November 2014 Uncategorized

Life in Ordovician Seas


Assistant Professor of Geology Pedro Marenco

Assistant Professor of Geology Pedro Marenco began his career studying the Permo-Triassic mass extinction—the greatest of all time—but recently switched to a more optimistic moment in evolutionary history: the Great Ordovician Biodiversification Event, aka the GOBE.

The fossil record tells the history of life, and in his KIM Talk with Nancy Toure ’15, Marenco traced that story from the Cambrian to the modern era. Although they can still be found today, the Cambrian evolutionary fauna were most dominant—the most diverse and the most abundant—about 500 million years ago during the Cambrian period. Then came the Paleozoic evolutionary fauna. For Marenco’s money, these specimens (brachiopods and crinoids and nautiloids) are “the coolest fossils.” These are also visible in the very architecture of Bryn Mawr: Step outside, Marenco advised the audience, to study Goodhart and Thomas Great Hall. “The archways and doorways are made of Indiana limestone that is Paleozoic in age. It’s chock-full of crinoids and brachiopods and occasional nautiloids.”

But “during the GOBE,” Marenco explained, “the Cambrian fauna went by the wayside, and the Paleozoic fauna took over. This event set the stage for about 200 million years of evolution”—a process that culminated in the emergence of Modern fauna. But despite its importance in the evolutionary record, he continued, “we don’t have a full understanding of how the GOBE happened or even why it happened. But we have some clues.”

To investigate, Marenco and his team traveled to the Utah desert. During the Ordovician period, the configuration of the continents was very different from what it is today. Laurentia, an ancient continent that straddled the equator, formed the land mass that would become North America. Along its continental shelf lay what is now the state of Utah, back then a tropical, underwater breeding ground, “prime real estate for life,” as Marenco put it.

As on today’s Earth, the majority of the planet then was deep ocean—waters that were very nasty. “Specifically, I mean that it might have had little to no oxygen in it,” Marenco said, “and we have a term for that. We call it anoxia.”

One mystery is particularly intriguing: Did those nasty, anoxic deep waters ever infiltrate the shallow environment? Did the anoxia slow down the burgeoning of life? Or, as Marenco asked, “Could the Great Ordovician Biodiversification Event have been the Greater Ordovician Biodiversification Event?”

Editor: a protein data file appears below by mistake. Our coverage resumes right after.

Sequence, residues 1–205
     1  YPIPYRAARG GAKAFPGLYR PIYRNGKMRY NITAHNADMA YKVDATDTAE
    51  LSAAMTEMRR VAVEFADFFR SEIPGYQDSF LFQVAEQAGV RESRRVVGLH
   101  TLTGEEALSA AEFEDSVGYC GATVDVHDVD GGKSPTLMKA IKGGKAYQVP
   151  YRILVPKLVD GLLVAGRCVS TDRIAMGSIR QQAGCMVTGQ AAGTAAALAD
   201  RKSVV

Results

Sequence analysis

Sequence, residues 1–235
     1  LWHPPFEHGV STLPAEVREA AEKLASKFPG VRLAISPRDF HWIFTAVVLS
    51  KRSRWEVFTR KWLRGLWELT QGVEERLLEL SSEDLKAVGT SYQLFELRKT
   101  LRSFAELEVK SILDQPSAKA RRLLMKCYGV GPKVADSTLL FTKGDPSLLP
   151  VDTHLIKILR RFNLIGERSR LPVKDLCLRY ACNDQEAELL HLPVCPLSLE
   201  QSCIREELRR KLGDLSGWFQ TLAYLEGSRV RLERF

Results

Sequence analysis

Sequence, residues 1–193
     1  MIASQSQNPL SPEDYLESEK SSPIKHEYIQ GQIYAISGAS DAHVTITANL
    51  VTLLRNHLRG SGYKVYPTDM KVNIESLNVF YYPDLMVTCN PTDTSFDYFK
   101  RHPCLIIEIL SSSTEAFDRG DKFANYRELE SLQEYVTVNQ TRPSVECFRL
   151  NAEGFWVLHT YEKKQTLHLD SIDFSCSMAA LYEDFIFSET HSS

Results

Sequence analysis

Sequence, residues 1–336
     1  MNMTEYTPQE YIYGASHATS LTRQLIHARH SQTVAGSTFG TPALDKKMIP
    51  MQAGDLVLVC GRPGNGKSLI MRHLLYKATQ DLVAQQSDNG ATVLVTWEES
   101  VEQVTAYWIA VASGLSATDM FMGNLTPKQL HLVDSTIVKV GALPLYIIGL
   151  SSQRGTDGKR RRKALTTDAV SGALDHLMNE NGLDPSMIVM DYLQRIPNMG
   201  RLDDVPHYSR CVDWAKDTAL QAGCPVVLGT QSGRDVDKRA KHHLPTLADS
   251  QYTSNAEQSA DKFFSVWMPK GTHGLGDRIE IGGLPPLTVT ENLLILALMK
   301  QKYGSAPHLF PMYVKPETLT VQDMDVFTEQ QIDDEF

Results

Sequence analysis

The clues that might answer that question were locked in the shallow Ordovician marine rocks that the team collected in Utah. And back in the lab, they began looking for evidence of anoxia.


Nancy Toure ’15

As Nancy Toure explained, “With less oxygen, more organic carbon is preserved, and more sulfide is produced.” To determine the oxygenation levels of these shallow marine environments, she measured the total sulfide abundance and total organic carbon abundance in the rock samples. What she found—low sulfide abundance and low organic carbon—suggested that the anoxic conditions of the Ordovician deep oceans did not affect life within the shallow marine.

But Marenco remained intrigued by the question: Could the GOBE have been greater?

Being a scientist, he dug deeper into the data. “It turns out,” he explained, “that even rocks formed in shallow environments have geochemical indicators in them that tell us a lot about the health of the entire ocean, about the health of the deep ocean, specifically the oxygenation of the ocean.”

Anoxic environments, like the deep Ordovician ocean, teem with bacteria that cannot tolerate oxygen and, by contrast, consume sulfate and turn it into sulfide. But these organisms turn out to be picky eaters: they display a decided preference for lighter sulfur and leave the heavy stuff behind.

As luck would have it for Marenco’s purposes, that heavy sulfate gets preserved, leaving behind “a signature, like a footprint, recorded in the rocks.” Looking at that record over the span of the Ordovician, Marenco’s team found indications of high anoxia for much of the Ordovician period. But their analysis uncovered an anomaly: a burst of oxygenation during the most intense period of the GOBE. “When the planet got even more oxygen, [the organisms] went crazy and diversified even more,” he said. And this finding, Marenco said, is something that no one else has seen. “The research is not complete yet, but we’re working on it. And it’s a real contribution that we’ve made as a lab, and I don’t think I could have done it without the help of wonderful students like Nancy.”

Curious to hear more? Listen to the KIM Talks.